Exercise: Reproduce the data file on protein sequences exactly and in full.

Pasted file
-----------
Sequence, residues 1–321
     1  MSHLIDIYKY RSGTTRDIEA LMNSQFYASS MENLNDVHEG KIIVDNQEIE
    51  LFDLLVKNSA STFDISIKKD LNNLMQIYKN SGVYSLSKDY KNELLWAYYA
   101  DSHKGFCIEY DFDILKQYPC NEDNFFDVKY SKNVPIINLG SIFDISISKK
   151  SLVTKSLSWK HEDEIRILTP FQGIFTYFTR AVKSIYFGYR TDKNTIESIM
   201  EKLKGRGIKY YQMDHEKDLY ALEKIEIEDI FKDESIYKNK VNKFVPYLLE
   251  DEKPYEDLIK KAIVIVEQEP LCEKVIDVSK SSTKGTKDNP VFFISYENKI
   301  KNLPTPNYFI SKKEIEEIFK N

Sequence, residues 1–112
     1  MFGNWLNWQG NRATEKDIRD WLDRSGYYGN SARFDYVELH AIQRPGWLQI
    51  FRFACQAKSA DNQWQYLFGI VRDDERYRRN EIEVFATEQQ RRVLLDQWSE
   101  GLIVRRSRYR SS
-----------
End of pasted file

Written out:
Sequence, residues 1–321
     1  MSHLIDIYKY RSGTTRDIEA LMNSQFYASS MENLNDVHEG KIIVDNQEIE
    51  LFDLLVKNSA STFDISIKKD LNNLMQIYKN SGVYSLSKDY KNELLWAYYA
   101  DSHKGFCIEY DFDILKQYPC NEDNFFDVKY SKNVPIINLG SIFDISISKK
   151  SLVTKSLSWK HEDEIRILTP FQGIFTYFTR AVKSIYFGYR TDKNTIESIM
   201  EKLKGRGIKY YQMDHEKDLY ALEKIEIEDI FKDESIYKNK VNKFVPYLLE
   251  DEKPYEDLIK KAIVIVEQEP LCEKVIDVSK SSTKGTKDNP VFFISYENKI
   301  KNLPTPNYFI SKKEIEEIFK N

Sequence, residues 1–112
     1  MFGNWLNWQG NRATEKDIRD WLDRSGYYGN SARFDYVELH AIQRPGWLQI
    51  FRFACQAKSA DNQWQYLFGI VRDDERYRRN EIEVFATEQQ RRVLLDQWSE
   101  GLIVRRSRYR SS